Th17 cells are now commonly thought to be important in the control of several chronic immunological disorders, including asthma and chronic obstructive pulmonary disease. The current understanding of the function of Th17 cells in the development of various asthma phenotypes and chronic obstructive pulmonary disease is discussed in this study. Recently, it was shown that Th17 cells, as well as a novel population of Th17/Th2 cells, accumulate in the bronchoalveolar lavage fluid of asthmatic patients and are positively associated with airway obstruction and steroid resistance. These individuals frequently have severe steroid-resistant asthma and bronchial neutrophilic inflammation.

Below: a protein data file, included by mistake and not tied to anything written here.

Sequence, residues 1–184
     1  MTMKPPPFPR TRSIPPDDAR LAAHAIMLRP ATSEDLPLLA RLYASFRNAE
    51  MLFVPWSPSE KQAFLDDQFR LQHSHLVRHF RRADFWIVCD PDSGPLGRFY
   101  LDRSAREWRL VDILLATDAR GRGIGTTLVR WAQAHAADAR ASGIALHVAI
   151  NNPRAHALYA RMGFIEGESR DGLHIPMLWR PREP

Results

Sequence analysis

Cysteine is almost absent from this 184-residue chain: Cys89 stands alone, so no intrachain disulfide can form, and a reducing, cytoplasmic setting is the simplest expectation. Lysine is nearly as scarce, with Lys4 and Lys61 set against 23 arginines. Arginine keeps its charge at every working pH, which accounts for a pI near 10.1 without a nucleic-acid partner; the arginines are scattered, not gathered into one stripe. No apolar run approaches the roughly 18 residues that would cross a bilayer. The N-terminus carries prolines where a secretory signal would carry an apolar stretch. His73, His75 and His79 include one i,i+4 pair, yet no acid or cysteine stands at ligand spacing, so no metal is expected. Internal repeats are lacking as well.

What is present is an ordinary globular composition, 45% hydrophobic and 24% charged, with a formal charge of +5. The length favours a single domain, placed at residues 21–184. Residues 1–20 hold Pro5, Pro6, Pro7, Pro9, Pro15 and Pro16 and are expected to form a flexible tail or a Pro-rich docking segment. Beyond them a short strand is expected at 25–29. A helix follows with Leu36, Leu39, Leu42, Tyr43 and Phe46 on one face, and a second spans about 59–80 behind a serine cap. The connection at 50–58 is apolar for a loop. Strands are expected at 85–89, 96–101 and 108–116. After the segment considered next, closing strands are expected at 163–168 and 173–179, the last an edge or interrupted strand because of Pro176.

IL-17 targeted treatments may be beneficial in severe steroid-resistant asthma with predominant bronchial neutrophilic inflammation. According to this viewpoint, defining clinical phenotypes and inflammatory endotypes of asthma in each patient is essential for customizing the treatment strategy.